My dear Son,

Perhaps you think it strange that I have not written you, but the truth is, that unless I have something very important to say, I am obliged to employ my pen from morning till night on matters which require my whole attention ….

Morse may have found Finley’s mental incompetence too distressing to face, much less manage. He told himself and others that his son was the happiest member of the family despite his “unfortunate” condition—“catches sometimes a dozen fish in a day as long as your finger, and is as happy as if they were whales.”

Susan, now in her mid-forties, stayed at Locust Grove during the summers and for other periods as well. Frail, she slept poorly, suffered from fevers, and had taken several falls that may have injured her spine. While at Locust Grove she underwent some unspecified “treatment,” seemingly an early form of psychotherapy for what Morse termed her “mental condition,” her “nervousness.” The decline of her husband’s sugar business in Puerto Rico because of the war deeply worried her. Morse loaned Edward $14,000 to help him out of debt, and tried to persuade him to quit his plantation and join Susan in Poughkeepsie, perhaps permanently. Otherwise, he said, “we fear her health if not her life may seriously suffer.”

Charles, too, was now in his forties, and in Morse’s eyes could do nothing right. Charles had gone west to work with a federal surveying party among the Sioux nation. He came back financially ruined, “the victim of dishonest sharpers,” Morse said, “who owe him money and will not or can not pay him.” He scolded Charles for having remained gullible in business dealings—a shortcoming in which Charles resembled no one so much as himself, although he did not say so. Instead he attributed Charles’ too-trusting nature to idiocy. “I sometimes think there must be a constitutional mental defect in you, in some respects like that of your brother Finley’s.”

Charles was much discouraged, unable to pay his rent or feed his family. Morse helped him out financially, giving him over four or five years some $30,000—along with a barrage of criticism: “You are too easy and good natured …. you should put on a bolder attitude …. you act upon very loose principles of disbursement.” He provided a hundred-dollar-a-month allowance for Charles’ wife, Manette, when Charles headed west again, this time for Central City, Colorado, to find work in local mining operations. A gifted writer, Charles sent home vivid descriptions of dust-begrimed bull-whackers, charred bodies of teamsters massacred by Indians, carcasses of oxen putrefying in the sun.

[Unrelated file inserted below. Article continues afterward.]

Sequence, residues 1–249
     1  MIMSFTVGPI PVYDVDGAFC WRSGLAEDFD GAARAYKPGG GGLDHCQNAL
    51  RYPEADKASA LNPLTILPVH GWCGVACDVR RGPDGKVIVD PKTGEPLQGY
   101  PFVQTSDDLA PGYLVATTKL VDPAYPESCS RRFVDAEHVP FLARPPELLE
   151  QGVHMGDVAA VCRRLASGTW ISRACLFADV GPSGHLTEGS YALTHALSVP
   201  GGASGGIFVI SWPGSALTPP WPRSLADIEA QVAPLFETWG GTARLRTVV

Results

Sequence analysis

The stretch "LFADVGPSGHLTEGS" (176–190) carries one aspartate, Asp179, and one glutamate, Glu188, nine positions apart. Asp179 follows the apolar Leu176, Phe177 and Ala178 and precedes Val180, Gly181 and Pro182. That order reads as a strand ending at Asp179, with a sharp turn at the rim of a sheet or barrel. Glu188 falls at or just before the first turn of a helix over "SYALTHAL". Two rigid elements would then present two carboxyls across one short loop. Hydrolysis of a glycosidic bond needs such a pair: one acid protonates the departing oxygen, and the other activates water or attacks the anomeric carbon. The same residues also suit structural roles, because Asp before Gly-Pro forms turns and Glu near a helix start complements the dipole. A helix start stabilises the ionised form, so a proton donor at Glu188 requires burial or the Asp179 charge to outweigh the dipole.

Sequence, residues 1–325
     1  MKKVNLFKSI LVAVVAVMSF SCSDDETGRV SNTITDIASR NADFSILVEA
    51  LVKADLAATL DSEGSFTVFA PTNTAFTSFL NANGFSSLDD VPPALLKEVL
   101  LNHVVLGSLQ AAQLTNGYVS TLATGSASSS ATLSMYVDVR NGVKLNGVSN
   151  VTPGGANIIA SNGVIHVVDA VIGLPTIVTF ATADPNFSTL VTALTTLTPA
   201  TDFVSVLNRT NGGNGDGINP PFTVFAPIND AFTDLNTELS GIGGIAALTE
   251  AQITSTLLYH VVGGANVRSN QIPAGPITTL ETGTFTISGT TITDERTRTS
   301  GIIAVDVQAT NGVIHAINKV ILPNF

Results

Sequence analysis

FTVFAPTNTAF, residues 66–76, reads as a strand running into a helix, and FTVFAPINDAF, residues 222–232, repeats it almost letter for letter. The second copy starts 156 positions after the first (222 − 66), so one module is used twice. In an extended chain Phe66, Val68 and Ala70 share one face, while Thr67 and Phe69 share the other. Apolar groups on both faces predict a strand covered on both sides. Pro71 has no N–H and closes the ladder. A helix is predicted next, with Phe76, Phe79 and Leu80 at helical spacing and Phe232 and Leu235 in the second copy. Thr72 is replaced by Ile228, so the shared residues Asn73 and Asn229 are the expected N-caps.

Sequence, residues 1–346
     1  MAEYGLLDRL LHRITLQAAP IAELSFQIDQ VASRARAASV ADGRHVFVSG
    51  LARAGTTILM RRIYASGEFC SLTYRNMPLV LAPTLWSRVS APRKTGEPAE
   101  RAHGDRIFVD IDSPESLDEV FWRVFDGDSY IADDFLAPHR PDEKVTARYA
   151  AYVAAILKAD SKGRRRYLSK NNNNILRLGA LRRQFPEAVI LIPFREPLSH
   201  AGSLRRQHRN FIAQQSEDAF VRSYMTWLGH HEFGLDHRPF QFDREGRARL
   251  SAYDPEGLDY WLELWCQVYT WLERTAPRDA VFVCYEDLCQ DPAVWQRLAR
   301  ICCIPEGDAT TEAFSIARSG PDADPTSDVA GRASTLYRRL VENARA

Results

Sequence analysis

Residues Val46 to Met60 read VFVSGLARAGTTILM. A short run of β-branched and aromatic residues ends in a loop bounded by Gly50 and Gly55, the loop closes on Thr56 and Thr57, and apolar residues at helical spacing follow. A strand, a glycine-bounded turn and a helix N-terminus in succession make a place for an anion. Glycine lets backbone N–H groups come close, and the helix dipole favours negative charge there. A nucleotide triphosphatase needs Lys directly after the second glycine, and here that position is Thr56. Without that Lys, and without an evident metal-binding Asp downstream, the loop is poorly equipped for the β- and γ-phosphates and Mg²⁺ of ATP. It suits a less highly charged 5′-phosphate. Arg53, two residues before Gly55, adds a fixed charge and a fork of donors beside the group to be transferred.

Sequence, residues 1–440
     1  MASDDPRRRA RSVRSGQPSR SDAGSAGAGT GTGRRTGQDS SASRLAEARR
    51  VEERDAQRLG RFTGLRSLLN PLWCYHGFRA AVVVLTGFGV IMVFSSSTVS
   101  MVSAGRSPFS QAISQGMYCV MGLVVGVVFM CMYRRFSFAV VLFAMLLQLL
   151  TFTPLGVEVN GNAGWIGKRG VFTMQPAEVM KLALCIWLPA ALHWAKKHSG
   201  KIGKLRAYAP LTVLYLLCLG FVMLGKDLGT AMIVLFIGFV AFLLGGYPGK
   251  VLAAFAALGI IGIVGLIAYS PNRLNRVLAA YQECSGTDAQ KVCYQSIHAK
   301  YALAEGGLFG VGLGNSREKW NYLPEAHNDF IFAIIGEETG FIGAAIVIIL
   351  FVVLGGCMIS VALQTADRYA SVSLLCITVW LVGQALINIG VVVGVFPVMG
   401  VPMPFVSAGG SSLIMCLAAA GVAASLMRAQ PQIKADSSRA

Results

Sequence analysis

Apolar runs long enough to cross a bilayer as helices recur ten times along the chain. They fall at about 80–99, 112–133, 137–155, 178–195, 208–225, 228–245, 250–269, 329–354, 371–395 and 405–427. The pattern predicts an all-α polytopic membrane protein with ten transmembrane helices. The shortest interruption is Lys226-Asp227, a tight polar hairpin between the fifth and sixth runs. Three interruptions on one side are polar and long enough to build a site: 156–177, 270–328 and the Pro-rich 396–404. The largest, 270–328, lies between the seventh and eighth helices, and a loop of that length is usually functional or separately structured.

To Morse’s displeasure, Charles’ grim picture of frontier life upset Manette, suggesting that her husband was unhappy with his situation. “I do hope you will not give way to any weak longings for home,” Morse wrote to him. “Love to your wife and family can be better shown by persevering effort to provide for them, and be an independent man, even if you have to be absent for years …. You must be more manly.” But Charles became ill and depressed in Colorado and soon declared bankruptcy: “all I have done for him,” Morse brooded, “seems to be like throwing it into the sea.”

Both Charles and his sister Susan had presented Morse with grandchildren. Charles and Manette’s son Bleecker sometimes stayed at Locust Grove, “quite a favorite with us,” Morse said. With Charles away in Colorado, Morse inquired after Bleecker’s “standing and moral character” at school, and with “real joy” attended his formal admission to communion in a Brooklyn church. Susan’s son, also named Charles, came with her when she visited Locust Grove and as a teenager remained in the United States to enroll at Union College, Schenectady. Proud of his grandson’s unmistakable talent for painting, Morse paid for his education and looked forward to his someday setting up professionally in New York City. “Artists are now in high esteem,” he told the boy, “and their general character both as to talent and moral elevation is of a vastly superior type compared with that which belonged to them when I first came to New York.” He wrote off to Puerto Rico urging Edward Lind to allow Charles to study painting in Europe.

It may have been his grandson’s promise that stirred old longings in Morse, “many yearnings,” he confided to a friend, “towards painting & sculpture.” When he tried to draw, however, he found that his perpendicular lines went awry: “I could place no confidence in my eyes.” In the spring of 1861, Asher B. Durand, W. S. Mount, Albert Bierstadt, and other leaders of the National Academy of Design asked him to serve once again as president, as he had for eighteen years. His long absence from the art world made him reluctant to do so, but many members told him that vital interests of the Academy were at stake. He gave in partway, agreeing to act as president until the next annual election: “the feeling of paternity is strongly revived in my heart, and I cannot forget the early travail with my honored associates, which brought into existence the National Academy of Design.”